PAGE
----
Note: The Christian-Muslim Studies Network aims to advance academic scholarship and improve public engagement with the scriptural, theological, political, and sociological aspects of Christian-Muslim relations. This post is one of a series that illustrates how postgraduate students are engaging with Christian-Muslim Studies and related fields in Edinburgh.
Josef Linnhoff began his undergraduate studies in 2009 at the University of Edinburgh, where he has watched increasingly vibrant intellectual engagement with Christian-Muslim studies develop ever since.
His time at the School of Divinity has seen the growing commitment to Islamic Studies and Christian-Muslim Studies take shape, especially with the launch of the Christian-Muslim Studies Network, funded by the Luce Fund for Theological Studies.
Mr Linnhoff’s interest in the field began during an introductory course in Islamic Studies that he took as a second-year student in Religious Studies at New College. He had already experienced the School’s extensive expertise in Christian theology, but both the similarities and differences between Islam and Christianity fascinated him. For the next three years, he took every relevant course he could find at both the School of Divinity and the Islamic and Middle Eastern Studies department.
‘I got hooked, I just absolutely found my niche’, he said. ‘My undergrad time had run out, but there was so much more I wanted to learn intellectually’.
He realized that a continuing study of Islam would require knowledge of Arabic. He moved to Oman and settled in a rural, Bedouin region where Arabic was spoken exclusively. For the first few months, he said, communication was incredibly challenging, but he returned to Edinburgh a year later with the language skills he needed to move forward.
PhD in Islamic Studies
A Masters by Research at New College preceded his current studies as a PhD candidate under the supervision of Prof Mona Siddiqui at the University of Edinburgh. Mr Linnhoff explores shifting interpretations of shirk, the idolatrous transgression of worshiping or associating anything besides God.
His research touches on the debates inspired by the Islamic State group. Early on, the militants advertised their destruction of ancient sites and shrines in Iraq and Syria as a manifestation of their commitment to avoiding shirk. Other Muslims have disagreed with this interpretation, complaining that the destruction and violence against holy sites is itself a sin.
Mr Linnhoff’s research seeks to demonstrate that Muslim thinkers have clashed over competing definitions of shirk for centuries.
‘What I’m really trying to show is that what it means to commit shirk is contested within Islam itself’, he explained. ‘If Muslims are debating what shirk is today, that’s nothing new’.
Studies of such disagreement has been most prominent in classical historic studies of Islam and in Christian-Muslim engagement, where Muslim thinkers employ shirk in critiques of the Christian theologies the Trinity and the divinity of Jesus Christ.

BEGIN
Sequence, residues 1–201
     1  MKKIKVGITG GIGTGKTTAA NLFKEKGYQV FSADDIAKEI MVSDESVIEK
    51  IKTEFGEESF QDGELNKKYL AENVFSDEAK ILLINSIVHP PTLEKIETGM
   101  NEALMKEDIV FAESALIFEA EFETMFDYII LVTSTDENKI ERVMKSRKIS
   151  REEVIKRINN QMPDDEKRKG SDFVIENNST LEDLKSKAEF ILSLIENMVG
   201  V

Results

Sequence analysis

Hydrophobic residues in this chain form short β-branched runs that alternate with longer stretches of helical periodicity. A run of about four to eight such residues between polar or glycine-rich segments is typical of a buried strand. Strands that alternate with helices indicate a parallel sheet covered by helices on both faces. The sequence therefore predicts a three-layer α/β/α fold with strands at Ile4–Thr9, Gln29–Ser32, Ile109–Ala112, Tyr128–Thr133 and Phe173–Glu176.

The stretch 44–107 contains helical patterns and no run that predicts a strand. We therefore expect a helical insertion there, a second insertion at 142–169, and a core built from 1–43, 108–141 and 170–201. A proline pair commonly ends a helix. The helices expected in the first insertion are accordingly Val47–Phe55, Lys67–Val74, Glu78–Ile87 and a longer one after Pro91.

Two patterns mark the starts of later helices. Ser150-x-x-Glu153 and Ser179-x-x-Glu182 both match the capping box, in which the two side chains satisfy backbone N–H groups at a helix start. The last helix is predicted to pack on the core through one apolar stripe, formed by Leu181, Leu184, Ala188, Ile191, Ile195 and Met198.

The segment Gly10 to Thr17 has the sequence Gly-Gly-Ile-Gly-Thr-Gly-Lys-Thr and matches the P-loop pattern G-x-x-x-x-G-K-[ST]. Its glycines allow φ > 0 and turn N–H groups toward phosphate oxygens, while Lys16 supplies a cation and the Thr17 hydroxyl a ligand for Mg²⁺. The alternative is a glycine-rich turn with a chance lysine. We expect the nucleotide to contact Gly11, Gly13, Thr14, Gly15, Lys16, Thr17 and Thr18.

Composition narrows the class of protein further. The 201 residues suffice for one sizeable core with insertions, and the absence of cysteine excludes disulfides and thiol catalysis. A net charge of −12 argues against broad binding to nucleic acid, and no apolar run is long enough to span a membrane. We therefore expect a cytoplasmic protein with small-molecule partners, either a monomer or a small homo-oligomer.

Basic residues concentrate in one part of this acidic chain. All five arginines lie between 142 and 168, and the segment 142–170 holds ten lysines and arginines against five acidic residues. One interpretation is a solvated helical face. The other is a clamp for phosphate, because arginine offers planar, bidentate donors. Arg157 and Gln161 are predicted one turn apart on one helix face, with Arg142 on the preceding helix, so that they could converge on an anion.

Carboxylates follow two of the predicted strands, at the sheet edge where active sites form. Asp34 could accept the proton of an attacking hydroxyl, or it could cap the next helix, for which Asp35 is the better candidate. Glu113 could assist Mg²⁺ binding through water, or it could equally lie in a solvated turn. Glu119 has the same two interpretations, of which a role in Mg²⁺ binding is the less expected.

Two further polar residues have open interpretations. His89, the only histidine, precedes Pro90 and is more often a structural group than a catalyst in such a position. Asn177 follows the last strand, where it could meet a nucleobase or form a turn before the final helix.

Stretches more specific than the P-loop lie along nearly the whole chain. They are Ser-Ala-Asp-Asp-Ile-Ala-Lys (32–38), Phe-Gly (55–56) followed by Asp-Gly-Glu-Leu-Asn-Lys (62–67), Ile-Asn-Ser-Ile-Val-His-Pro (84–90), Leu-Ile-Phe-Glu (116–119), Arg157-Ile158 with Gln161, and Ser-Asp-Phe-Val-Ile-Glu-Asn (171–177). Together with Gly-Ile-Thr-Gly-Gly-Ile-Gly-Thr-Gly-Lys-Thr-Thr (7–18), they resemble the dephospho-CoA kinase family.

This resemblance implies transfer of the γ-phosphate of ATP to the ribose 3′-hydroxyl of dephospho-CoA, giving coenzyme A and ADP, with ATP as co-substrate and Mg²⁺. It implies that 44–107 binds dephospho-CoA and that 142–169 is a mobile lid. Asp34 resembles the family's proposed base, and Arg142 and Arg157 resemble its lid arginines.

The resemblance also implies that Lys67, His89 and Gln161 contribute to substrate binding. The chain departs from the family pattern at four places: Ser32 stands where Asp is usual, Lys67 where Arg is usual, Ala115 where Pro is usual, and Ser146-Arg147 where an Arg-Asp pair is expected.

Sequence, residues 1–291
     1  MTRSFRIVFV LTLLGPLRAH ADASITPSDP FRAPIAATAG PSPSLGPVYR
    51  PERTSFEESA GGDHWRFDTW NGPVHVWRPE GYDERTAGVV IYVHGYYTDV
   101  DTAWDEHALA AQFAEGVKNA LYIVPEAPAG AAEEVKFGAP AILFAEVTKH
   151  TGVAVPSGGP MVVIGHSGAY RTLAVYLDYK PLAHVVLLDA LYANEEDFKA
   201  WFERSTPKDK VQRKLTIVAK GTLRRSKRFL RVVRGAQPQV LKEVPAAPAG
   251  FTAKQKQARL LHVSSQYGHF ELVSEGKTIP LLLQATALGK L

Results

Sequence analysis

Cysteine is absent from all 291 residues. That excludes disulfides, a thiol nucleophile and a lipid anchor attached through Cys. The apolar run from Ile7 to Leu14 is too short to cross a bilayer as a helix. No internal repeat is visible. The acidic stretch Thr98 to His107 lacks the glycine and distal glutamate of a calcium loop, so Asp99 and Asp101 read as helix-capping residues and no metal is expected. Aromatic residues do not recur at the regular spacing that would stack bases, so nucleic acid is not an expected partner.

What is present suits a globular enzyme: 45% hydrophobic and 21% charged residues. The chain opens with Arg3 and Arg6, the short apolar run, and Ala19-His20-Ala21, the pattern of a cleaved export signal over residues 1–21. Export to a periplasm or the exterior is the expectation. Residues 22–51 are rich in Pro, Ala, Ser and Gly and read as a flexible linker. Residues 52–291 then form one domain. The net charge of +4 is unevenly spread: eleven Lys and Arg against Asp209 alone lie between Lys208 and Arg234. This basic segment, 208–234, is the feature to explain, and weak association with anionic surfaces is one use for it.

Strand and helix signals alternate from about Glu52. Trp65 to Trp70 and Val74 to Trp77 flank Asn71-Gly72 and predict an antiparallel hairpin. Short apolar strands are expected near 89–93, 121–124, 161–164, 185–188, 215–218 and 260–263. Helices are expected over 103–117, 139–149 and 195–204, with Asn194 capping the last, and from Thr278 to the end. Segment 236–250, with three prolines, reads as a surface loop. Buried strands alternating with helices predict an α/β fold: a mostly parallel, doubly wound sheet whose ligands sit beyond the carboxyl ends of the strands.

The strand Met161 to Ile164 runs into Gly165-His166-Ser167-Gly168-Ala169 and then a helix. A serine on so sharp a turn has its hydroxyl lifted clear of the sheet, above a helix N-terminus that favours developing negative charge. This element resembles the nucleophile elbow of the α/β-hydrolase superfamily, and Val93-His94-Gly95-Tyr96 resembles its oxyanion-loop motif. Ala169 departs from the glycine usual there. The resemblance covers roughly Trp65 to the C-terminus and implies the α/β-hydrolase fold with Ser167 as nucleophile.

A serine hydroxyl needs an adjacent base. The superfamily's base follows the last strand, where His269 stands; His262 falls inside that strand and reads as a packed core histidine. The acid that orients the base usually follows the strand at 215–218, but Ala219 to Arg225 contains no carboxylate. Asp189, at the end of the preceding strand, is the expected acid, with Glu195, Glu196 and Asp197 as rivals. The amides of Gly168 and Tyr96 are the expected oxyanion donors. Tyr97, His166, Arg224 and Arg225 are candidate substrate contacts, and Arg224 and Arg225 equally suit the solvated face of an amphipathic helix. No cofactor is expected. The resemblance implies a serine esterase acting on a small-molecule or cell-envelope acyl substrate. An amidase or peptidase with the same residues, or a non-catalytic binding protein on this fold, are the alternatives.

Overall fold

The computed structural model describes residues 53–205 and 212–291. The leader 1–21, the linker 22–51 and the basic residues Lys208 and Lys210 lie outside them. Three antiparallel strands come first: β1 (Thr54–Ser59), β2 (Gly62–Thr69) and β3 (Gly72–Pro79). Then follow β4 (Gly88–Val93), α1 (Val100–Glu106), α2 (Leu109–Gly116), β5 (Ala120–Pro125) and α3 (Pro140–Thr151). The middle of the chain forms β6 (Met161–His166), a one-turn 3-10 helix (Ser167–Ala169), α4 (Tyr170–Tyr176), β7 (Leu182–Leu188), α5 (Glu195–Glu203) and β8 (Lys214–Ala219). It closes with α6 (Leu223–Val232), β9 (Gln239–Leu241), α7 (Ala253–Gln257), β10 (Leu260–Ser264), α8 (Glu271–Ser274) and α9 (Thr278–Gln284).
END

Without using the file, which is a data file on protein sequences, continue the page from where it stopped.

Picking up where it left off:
Changes at the University of Edinburgh
Mr Linnhoff spoke with excitement of the change and growth he has watched during his time at New College. When he began his studies at the School of Divinity, expertise in Islam could be found in just one staff member, who soon left. Since then, Prof Mona Siddiqui has joined the staff, as well as Dr Joshua Ralston, a lecturer in Muslim-Christian Relations, and Dr Abdul Rahman Mustafa, the Luce Fund for Theological Studies post-doctoral fellow.
‘This has been another reason why I’ve wanted to stay at Edinburgh’, he said. ‘We’re building something right now, and it would be ridiculous to leave now’.
His hopes for the future of the Christian-Muslim Studies Network are simply ‘more of the same’: more seminars like that of Dr Martin Whittingham from the Oxford Centre for Muslim-Christian Studies, more conferences like the September gathering at Edinburgh for ‘Reframing Christian-Muslim Encounters: Theological and Philosophical Perspectives, and more students who come to study from Muslim-majority countries.
Mr Linnhoff noted the importance of the Network’s upcoming conference in Beirut, ‘New Trends in Political Theology: Religion and Secularity’. Located in the Middle East, the conference will provide an opportunity to study Christian-Muslim engagement outside the Western world.
‘It’s very easy to fall into the trap of being in the Western, intellectual world, not aware of the issues most pertinent to Muslim-majority countries’, Mr Linnhoff said.
The Beirut conference will occur in September 2018, just months before Mr Linnhoff is set to graduate from a School whose expertise in Islamic and Christian-Muslim Studies has grown exponentially since his arrival.
The School of Divinity currently offers courses in Islamic law and in the history of Christian-Muslim engagement, as well as two masters programmes and the PhD. Those interested in applying for a degree program in any of these areas should see the website for the School of Divinity or contact Dr Ralston directly.